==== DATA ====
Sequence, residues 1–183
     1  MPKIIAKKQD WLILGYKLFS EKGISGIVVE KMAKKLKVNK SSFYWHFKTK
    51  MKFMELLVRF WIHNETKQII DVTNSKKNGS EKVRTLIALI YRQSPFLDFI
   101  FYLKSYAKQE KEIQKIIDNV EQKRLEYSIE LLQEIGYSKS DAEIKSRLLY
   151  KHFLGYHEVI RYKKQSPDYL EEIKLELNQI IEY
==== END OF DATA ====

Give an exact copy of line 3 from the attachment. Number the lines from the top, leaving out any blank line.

    51  MKFMELLVRF WIHNETKQII DVTNSKKNGS EKVRTLIALI YRQSPFLDFI